Principles of instruction by Barak Rosenshine The International Academy of Education.
This pamphlet presents ten research-based principles of instruction and suggestions for classroom practice. These principles come from three sources. The complete text can be found here: Principles of Instruction Rosenshine.
(a) research on how our brain acquires and uses new information. The first source of these suggestions is research in cognitive science. This research focuses on how our brains acquire and use information. This cognitive research also suggests how we might overcome the limitations of our working memory when learning new material. These suggestions appear in these ten principles.
(b) research the classroom practices of those teachers whose students show the highest gains. The second source of the instructional ideas in this pamphlet comes from observing the classroom practices of master teachers. Master teachers are those whose classrooms made the highest gains on achievement tests. These teachers were observed as they taught, and the investigators coded how they presented new material, how and whether they checked for student understanding, the types of support they provided to their students and several other instructional activities. The most successful teachers’ activities are incorporated into these ten principles.
(c) findings from studies that taught learning strategies to students. The third source of suggestions for classroom practice came from the research of cognitive scientists who developed and tested cognitive supports and scaffolds that helped students learn complex tasks. Instructional procedures, such as thinking aloud and providing students with scaffolds and models, came from this research; these procedures are also described in these ten principles.
Each of these three sources includes suggestions for classroom practice in this pamphlet. An interesting finding is that there is no conflict between the instructional suggestions from each of these three sources. In other words, these three sources supplement and complement each other. The fact that the instructional ideas from three different sources supplement and complement each other gives us faith in the validity of these findings. The following is a list of some of the instructional procedures that have come from these three sources. These ideas will be described and discussed in this pamphlet:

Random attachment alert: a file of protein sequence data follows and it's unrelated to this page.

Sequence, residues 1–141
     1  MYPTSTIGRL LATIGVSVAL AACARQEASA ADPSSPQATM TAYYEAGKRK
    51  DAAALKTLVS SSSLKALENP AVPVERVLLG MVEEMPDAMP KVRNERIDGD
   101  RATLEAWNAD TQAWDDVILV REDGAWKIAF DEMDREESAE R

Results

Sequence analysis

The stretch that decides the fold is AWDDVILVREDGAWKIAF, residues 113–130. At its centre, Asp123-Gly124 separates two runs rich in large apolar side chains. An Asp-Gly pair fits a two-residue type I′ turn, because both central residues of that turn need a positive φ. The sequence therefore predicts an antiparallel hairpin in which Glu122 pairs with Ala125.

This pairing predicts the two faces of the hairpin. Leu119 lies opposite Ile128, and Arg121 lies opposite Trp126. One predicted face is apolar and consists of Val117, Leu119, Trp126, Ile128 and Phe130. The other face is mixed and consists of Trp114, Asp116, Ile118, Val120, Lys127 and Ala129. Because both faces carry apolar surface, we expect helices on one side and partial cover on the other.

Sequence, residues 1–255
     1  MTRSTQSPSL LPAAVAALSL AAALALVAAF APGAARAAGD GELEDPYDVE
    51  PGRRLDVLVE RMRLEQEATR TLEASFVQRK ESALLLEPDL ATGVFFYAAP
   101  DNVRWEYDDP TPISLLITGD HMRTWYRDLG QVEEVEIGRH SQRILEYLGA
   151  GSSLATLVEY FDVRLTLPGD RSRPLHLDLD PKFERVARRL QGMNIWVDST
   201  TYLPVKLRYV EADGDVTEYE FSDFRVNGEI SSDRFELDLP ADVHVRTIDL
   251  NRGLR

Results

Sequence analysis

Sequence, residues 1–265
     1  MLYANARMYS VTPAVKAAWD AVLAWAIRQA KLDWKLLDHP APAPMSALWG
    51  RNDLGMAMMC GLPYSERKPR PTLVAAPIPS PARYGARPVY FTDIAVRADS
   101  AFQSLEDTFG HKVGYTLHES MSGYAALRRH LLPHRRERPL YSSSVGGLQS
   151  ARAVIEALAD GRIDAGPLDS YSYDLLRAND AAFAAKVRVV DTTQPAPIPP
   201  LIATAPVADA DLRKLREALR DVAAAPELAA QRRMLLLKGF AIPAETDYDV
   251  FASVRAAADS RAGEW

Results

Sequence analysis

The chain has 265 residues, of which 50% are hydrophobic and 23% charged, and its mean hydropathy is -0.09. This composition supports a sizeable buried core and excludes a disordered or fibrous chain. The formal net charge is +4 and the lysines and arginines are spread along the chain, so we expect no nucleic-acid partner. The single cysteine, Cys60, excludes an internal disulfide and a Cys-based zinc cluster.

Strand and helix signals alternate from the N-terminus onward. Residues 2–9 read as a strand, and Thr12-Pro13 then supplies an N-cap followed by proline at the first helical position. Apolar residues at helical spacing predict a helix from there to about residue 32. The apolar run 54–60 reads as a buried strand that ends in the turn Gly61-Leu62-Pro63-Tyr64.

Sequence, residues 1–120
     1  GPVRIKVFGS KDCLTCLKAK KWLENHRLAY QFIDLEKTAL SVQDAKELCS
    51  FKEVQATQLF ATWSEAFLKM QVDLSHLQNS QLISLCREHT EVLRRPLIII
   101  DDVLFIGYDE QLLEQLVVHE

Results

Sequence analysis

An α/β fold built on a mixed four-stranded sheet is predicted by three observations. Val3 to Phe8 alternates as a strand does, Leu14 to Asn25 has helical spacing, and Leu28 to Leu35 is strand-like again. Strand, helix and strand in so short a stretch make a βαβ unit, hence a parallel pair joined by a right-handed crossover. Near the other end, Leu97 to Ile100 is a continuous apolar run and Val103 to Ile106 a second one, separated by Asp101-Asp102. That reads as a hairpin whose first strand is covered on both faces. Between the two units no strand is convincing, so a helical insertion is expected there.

- Begin a lesson with a short review of previous learning.
- Present new material in small steps with student practice after each step.
- Limit the amount of material students receive at one time.
- Give clear and detailed instructions and explanations.
- Ask a large number of questions and check for understanding.
- Provide a high level of active practice for all students.
- Guide students as they begin to practice.
- Think aloud and model steps.
- Provide models of worked-out problems.
- Ask students to explain what they have learned.
- Check the responses of all students.
- Provide systematic feedback and corrections.
- Use more time to provide explanations.
- Provide many examples.
- Re-teach material when necessary.
- Prepare students for independent practice.
- Monitor students when they begin independent practice.